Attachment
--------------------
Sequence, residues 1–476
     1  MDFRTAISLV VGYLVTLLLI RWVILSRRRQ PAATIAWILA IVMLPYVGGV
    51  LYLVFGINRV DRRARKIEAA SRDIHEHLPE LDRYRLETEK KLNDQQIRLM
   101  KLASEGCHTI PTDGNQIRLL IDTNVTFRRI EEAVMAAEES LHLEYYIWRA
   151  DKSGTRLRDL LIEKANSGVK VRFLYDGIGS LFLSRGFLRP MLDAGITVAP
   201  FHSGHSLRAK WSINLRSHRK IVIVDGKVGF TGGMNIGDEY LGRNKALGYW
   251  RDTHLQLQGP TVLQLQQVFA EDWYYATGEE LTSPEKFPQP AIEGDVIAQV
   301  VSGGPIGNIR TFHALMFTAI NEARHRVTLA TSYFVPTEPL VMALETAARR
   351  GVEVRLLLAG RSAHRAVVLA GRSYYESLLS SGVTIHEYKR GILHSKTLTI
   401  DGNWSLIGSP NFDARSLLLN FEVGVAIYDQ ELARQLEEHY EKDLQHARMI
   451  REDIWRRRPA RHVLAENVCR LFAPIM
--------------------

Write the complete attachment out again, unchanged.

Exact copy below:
Sequence, residues 1–476
     1  MDFRTAISLV VGYLVTLLLI RWVILSRRRQ PAATIAWILA IVMLPYVGGV
    51  LYLVFGINRV DRRARKIEAA SRDIHEHLPE LDRYRLETEK KLNDQQIRLM
   101  KLASEGCHTI PTDGNQIRLL IDTNVTFRRI EEAVMAAEES LHLEYYIWRA
   151  DKSGTRLRDL LIEKANSGVK VRFLYDGIGS LFLSRGFLRP MLDAGITVAP
   201  FHSGHSLRAK WSINLRSHRK IVIVDGKVGF TGGMNIGDEY LGRNKALGYW
   251  RDTHLQLQGP TVLQLQQVFA EDWYYATGEE LTSPEKFPQP AIEGDVIAQV
   301  VSGGPIGNIR TFHALMFTAI NEARHRVTLA TSYFVPTEPL VMALETAARR
   351  GVEVRLLLAG RSAHRAVVLA GRSYYESLLS SGVTIHEYKR GILHSKTLTI
   401  DGNWSLIGSP NFDARSLLLN FEVGVAIYDQ ELARQLEEHY EKDLQHARMI
   451  REDIWRRRPA RHVLAENVCR LFAPIM